The government wants to make beef production climate friendly. Here's how it's going
JUANA SUMMERS, HOST:
Agriculture is responsible for about 10% of America's greenhouse gas emissions. The federal government is spending $3 billion to try to transform the industry from part of the climate problem to part of the solution. The so-called Climate-Smart Commodities money has been rolling out for a year now. Rachel Cohen from member station Boise State Public Radio visited one ranch in Idaho to see how it's being spent.
WENDY PRATT: Yeah, at the mark.
UNIDENTIFIED PERSON: OK, so then let's look at...
RACHEL COHEN, BYLINE: In a hilly sagebrush pasture in southeastern Idaho, cattle ranchers Wendy and Mark Pratt are navigating toward a GPS coordinate.
W PRATT: So this is interesting.
MARK PRATT: You're more organized than...
COHEN: The pin they spot in the ground is the starting point for a research project. Mark unravels measuring tape.
M PRATT: We're going to make a box, a monitoring box.
COHEN: A team of consultants from a project called Grazewell is here to help assess their ranching practices over five years. They chose this spot, which looks out to snowy peaks on the horizon, because the soil is sandy, Wendy says.
W PRATT: So this is the one that we can use to figure out the potential of the rest of the sandhills on the rest of the ranch.
COHEN: The Pratts are regenerative ranchers. That generally means they move their cows around a lot to allow plants to replenish in between bites. They started ranching this way decades ago, in part because of pressure from environmentalists.
M PRATT: They're interested in knowing more about where their food came from. And this is just one more step in that process - not only where did it come from, but how did it get here? What process got it to us?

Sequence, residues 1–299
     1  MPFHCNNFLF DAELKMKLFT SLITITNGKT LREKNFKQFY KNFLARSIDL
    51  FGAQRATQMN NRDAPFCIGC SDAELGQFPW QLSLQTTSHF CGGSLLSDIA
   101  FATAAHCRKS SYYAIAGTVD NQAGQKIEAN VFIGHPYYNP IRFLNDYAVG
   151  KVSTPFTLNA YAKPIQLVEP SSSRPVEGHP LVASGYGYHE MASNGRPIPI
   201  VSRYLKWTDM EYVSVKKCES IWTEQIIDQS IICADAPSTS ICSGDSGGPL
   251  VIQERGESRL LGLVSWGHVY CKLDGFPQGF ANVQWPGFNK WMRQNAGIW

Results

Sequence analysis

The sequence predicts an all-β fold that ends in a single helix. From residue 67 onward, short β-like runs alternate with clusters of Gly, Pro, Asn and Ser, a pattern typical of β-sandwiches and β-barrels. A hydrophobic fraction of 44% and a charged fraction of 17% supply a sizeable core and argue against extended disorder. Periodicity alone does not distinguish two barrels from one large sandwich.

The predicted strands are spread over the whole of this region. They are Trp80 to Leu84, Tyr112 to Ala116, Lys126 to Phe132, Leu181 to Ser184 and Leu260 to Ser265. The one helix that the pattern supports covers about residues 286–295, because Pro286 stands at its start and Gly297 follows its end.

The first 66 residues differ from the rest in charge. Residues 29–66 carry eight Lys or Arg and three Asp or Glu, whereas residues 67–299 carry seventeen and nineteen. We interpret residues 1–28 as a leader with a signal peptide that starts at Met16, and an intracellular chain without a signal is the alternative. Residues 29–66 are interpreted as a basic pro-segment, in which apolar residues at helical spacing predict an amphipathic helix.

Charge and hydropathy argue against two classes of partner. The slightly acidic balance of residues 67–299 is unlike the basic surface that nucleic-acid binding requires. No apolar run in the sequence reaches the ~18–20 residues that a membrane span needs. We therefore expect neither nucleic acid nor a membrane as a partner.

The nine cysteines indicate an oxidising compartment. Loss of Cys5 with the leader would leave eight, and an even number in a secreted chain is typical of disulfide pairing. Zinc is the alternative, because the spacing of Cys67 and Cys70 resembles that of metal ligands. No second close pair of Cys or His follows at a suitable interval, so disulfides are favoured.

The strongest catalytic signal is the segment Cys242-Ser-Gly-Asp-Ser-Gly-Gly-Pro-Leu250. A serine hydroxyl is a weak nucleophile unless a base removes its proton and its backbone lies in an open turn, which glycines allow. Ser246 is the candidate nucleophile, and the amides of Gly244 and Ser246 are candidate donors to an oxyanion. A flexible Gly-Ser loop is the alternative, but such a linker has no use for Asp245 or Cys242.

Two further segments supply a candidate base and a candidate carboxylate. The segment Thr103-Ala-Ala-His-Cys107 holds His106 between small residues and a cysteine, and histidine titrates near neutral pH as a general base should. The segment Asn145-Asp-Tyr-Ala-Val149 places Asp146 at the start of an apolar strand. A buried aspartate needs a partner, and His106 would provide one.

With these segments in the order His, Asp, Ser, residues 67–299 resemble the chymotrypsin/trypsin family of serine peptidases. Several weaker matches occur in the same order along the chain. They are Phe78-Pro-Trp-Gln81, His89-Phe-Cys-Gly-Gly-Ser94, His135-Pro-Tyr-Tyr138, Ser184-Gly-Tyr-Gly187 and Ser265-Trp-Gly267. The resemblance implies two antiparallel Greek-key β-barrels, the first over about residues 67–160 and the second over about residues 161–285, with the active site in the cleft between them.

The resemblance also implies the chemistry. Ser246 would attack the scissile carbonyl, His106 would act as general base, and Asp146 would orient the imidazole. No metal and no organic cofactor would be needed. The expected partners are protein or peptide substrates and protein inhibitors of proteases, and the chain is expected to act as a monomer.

COHEN: All 100 ranches in their beef co-op, Country Natural Beef, are part of Grazewell, too. The idea is that healthy rangeland is not just a boon for business but the climate, too.
W PRATT: Yeah.
(SOUNDBITE OF SHOVELS CLINKING)
COHEN: On the pasture, they dig up soil samples to send to a lab. Healthy soil can soak up carbon dioxide from the atmosphere. The Grazewell team working here will travel to 120 ranches to conduct baseline assessments. It's part of the $3 billion the Department of Agriculture is spending on 141 projects, like planting cover crops on millions of acres, converting waste to biofuels and restoring forests. The department thinks all this could capture more than 60 million metric tons of carbon dioxide. That would be like taking 12 million gas-powered cars off the road for a year.
OMANJANA GOSWAMI: I think the right word to call this sort of set of money is historic.
COHEN: Omanjana Goswami is a food researcher at the Union of Concerned Scientists. She says Climate-Smart Commodities opens up climate action to way more farmers than ever before. But proving carbon reduction on farms and ranches is tough. In the first year, Goswami says, there's insufficient data for most projects.
GOSWAMI: On what each project was setting out to do, who was doing them? And what was the role of each partner within them? And a lot of those questions are unanswered even to this date.
COHEN: The USDA requires regular monitoring, but Goswami isn't sure what will be publicly available. So she says it may be tough to know if the projects are delivering results. But the Pratts are hopeful that consumers understand the benefits of Grazewell.
W PRATT: We hope that there's a message out there that cattle production can be a good thing.
COHEN: The Pratts' co-op is working on a label to tell supermarket shoppers that its beef is climate-friendly. The plan is for the label to start appearing in stores next year. For NPR News, I'm Rachel Cohen.
(SOUNDBITE OF KACEY MUSGRAVES SONG, "SLOW BURN") Transcript provided by NPR, Copyright NPR.
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